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Mr. Stegall thought it couldn't be done.

"No way, man. That's Coke Country," he said. "You can't smuggle a Pepsi into Centennial Park."

Bet I can. Bet you can't. Bet I can. Bet you can't.

"All right then, you just take that Pepsi and if you can sneak it in, you don't have to pay for it," he said. "But if you get caught, you owe me a dollar."

The proprietor of Stegall's Food Store wondered whether there would be repercussions if my mission was compromised and the authorities learned that he had supplied me with the contraband for this foray into enemy territory.

"Coca-Cola owns this town," he said. "They won't be happy."

What would happen if I got caught with an illegal Pepsi? Would they drag me off in handcuffs and confiscate my soft drink? Perhaps even haul me before a kangaroo court and ship me off to the Georgia gulag?

Everybody knows Coca-Cola controls this city with a Stalinesque efficiency. Any attempted breach of soda security surely would be dealt with harshly.

Capture would undoubtedly prove embarrassing for my superiors, who issued explicit orders that I avoid arrest at all costs. Incarceration surely would be met with calls for plausible denial.

The Centennial Olympic Park House rules clearly prohibited such items as Frisbees, skateboards, flags of non-participating nations and beverages not purchased on the premises.

The security teams, however, are notably lax on the prohibition of foreign beverages, especially when the soft drink in question bears the trademark red-and-white label of the sugar-water giant, which owns just about everything within a 10-mile radius.

Still, why would I put my career and country at such risk? Two words: Ray Charles.

The man Julian Bond called "the bishop of Atlanta" was to play a free concert on the Olympic Village stage.

Everybody who watched the Opening Ceremonies must have wondered why Gladys Knight sang Georgia on My Mind instead of the Albany native who is most often associated with the tune. Why? Two words: Coca-Cola.

Word on the street is that the all-powerful, Atlanta-based soft-drink company didn't want the spokesman for rival Pepsi ("You've got the right one, baby. Uh-huh!") to perform in front of millions of people around the world.

Coke categorically denied the story, but the rumor refused to die as thousands of people lined up outside Centennial Park Thursday evening for the chance to hear Sir Charles give a concert for free.

Security was tight and it took a half-hour to make it through the gantlet of guards to the gate. I agonized over how I would get the package through the checkpoint.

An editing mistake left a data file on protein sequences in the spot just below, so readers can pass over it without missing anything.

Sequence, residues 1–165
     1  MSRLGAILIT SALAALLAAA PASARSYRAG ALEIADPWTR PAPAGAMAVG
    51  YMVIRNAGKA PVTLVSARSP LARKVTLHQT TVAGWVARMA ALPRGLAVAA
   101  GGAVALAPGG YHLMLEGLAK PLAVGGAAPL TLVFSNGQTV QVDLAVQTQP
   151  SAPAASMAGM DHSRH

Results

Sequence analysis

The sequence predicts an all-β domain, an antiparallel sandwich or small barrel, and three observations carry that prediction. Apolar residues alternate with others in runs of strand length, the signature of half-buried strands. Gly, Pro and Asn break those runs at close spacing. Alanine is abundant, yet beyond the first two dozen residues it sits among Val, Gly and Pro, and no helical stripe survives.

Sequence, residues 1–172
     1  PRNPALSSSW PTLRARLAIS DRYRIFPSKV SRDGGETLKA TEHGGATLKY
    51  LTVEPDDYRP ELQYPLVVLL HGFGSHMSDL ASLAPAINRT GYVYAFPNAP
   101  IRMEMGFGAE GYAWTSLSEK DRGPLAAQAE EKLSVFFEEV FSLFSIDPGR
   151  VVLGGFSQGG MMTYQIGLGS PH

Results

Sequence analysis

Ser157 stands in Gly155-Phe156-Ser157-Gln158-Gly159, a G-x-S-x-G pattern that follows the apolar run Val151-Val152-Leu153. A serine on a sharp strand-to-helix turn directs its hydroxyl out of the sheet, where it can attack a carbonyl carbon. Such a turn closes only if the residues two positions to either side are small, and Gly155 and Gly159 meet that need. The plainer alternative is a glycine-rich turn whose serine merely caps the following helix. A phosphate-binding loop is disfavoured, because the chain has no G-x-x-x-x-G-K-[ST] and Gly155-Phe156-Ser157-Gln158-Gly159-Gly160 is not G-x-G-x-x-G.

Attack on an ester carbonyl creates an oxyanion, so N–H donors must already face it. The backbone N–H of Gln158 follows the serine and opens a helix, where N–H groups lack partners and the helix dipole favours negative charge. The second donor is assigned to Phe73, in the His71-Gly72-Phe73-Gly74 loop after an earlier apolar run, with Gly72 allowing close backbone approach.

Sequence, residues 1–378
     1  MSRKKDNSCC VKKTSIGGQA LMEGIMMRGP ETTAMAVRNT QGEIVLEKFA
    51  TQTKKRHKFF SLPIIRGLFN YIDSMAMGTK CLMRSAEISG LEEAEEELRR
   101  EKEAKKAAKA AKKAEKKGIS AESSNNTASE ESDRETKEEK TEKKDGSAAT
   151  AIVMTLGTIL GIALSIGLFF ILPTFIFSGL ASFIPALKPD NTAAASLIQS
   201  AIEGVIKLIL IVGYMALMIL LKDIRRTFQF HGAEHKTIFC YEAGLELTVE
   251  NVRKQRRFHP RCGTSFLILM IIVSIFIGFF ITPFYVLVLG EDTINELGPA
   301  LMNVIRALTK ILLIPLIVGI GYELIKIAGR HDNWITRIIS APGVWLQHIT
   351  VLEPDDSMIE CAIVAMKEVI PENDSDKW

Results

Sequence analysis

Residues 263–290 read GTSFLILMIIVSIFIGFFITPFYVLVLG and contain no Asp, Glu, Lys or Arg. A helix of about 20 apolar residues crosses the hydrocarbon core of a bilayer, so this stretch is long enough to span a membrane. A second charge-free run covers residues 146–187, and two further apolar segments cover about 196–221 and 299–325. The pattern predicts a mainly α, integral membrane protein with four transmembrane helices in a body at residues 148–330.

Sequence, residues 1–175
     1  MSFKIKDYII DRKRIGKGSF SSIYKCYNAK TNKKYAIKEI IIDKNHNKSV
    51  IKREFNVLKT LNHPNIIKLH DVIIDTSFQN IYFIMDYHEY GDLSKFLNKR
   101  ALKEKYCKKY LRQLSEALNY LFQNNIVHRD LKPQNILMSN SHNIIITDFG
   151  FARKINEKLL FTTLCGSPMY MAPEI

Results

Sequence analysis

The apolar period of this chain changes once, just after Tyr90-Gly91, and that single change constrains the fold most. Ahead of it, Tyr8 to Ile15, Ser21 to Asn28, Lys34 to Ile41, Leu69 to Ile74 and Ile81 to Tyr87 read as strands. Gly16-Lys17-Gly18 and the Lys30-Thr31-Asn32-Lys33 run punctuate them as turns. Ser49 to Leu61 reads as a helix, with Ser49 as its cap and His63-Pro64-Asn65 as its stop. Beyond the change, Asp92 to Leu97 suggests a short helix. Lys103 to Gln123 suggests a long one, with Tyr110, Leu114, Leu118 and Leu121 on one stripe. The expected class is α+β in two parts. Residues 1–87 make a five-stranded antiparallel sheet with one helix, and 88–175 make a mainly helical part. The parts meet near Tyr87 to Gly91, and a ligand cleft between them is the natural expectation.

Conceal it and plead ignorance if discovered? Or be bold and charge straight ahead like Tennyson's noble 500? In the end, I chose the latter.

Pepsi in one hand, cellular phone in the other, I stepped up to the plate.

"Open your bag. Turn on your phone. Go ahead," the guard said. I was through.

But it was too easy. Unsatisfied with my subterfuge, I needed to make a statement. So I walked to Centennial Plaza, where the ground is covered with more than 200,000 commemorative bricks. For $35 you can buy one engraved with your name, alma mater or any other message you want to share with the world.

"Can I write anything I want?" I asked the woman behind the counter.

She nodded. I paid the money and she handed me an order form. I filled it out and she read it aloud.

"Ray Charles, Pepsi, Uh-huh!"

Some day in the not-too-distant future, when Coca-Cola has its own spy satellite (if it doesn't already), the corporation's chief executive officer will review the daily intelligence data and realize that censorship is an exercise in futility.

"Hey, I just bought Ray Charles his very own brick," I told two soul music fans standing beside me.

"Way to go," Atlantan Sean Allen said.

"Cool," his friend Dave Spamp agreed. "That'll show 'em."

Then the master's band took the stage. It warmed up the crowd, and Charles entered wearing a smile that could bring peace to the Middle East.

After two or three songs, he played the tune everybody was waiting for. People screamed, hands in the air, as the soft refrain of Georgia filtered through the park. If not for the Coke signs everywhere, you might have thought you'd taken a wrong turn and wound up in St. Peter's Square watching the pope address the faithful.

For more than an hour, Charles held them captive. The tragedy of the previous week was forgotten. The Bishop offered salvation. And unlike the soft drinks for sale everywhere, redemption was free.

But it was all over too quickly. They whisked Charles off the stage, and people started chanting, "Bring back Ray."

They tried to appease the mob by showing a clip of Michael Johnson's record-breaking gold-medal run.

The crowd started chanting, "U-S-A." But it never quite drowned out "Bring back Ray."

Finally, when it was clear that Charles would not return, people began to filter out.

But the mood had changed. He'd had a calming effect, sort of like moonlight through the pines.